Iceland corruption investigator Eva Joly may quit in frustration
Iceland's anti-corruption expert, Eva Joly, investigating "suspicions of criminal actions" at Kaupthing, Glitnir and Landsbanki, has threatened to resign if the inquiry continues to be dogged by lack of political will.
Eva Joly, who advised on France's Elf Aquitaine scandal and the UK's BAE inquiry, said the scale of potential corruption at the Icelandic banks should be treated as one of the important financial investigations Europe has ever known.
However, she has raised concern about the potential conflict of interest represented by Iceland's state prosecutor, Valtyr Sigurdsson, whose son is the chief executive of Exista – the major shareholder in Kaupthing.
Ragna Árnadóttir, Iceland's justice minister, is now drafting a law to create another state prosecutor and Mr Sigurdsson has declared that he will not participate in the banking investigation.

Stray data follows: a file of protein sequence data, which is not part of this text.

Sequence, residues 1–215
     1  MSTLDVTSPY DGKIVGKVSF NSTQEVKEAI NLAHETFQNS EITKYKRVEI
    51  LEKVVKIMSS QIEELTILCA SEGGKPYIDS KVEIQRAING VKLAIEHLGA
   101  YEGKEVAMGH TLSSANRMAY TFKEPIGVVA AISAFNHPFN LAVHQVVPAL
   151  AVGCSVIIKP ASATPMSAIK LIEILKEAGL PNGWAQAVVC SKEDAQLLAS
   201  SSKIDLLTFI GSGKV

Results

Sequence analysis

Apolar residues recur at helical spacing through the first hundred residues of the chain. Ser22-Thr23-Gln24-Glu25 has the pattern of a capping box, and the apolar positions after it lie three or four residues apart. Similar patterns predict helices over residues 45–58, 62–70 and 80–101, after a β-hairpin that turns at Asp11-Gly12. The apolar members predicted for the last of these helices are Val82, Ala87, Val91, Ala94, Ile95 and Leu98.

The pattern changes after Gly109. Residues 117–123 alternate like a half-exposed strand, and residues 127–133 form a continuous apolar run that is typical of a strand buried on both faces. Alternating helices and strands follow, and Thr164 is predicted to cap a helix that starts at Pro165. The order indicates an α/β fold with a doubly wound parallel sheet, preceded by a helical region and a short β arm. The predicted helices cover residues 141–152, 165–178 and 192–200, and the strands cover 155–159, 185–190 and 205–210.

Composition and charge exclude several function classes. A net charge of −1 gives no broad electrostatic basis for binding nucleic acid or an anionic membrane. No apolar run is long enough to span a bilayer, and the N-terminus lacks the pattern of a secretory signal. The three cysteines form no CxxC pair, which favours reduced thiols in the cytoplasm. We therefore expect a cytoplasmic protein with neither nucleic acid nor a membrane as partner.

Ms Joly also called on Iceland to appoint a much larger team of investigators, including three senior officials to look into allegations of corruption at each of the three failed banks.
In a television interview, she criticised a lack of political will in the Icelandic government to bring anyone who has committed economic crimes to justice.
Iceland's special investigation team is now working on more than 30 potential cases relating to the banking system, after Kaupthing, Glitnir and Landsbanki collapsed and were taken over by the Icelandic government last October.
The meltdown of its financial system and currency forced the UK Treasury to pick up a huge bill to compensate 300,000 savers with Landsbanki's Icesave. Last week, Iceland negotiated a deal to pay customers up to €22,000 (£18,700) back each.
The investigation will cover institutions that attracted billions of pounds in deposits from thousands of UK citizens, businesses, councils and charities at its centre.
Gylfi Magnusson, Iceland's business minister, later conceded there are similarities within the banking system and failed US energy company Enron.
Last month, Icelandic police raided 10 addresses and identified several suspects in connection with an inquiry into alleged market manipulation at Kaupthing.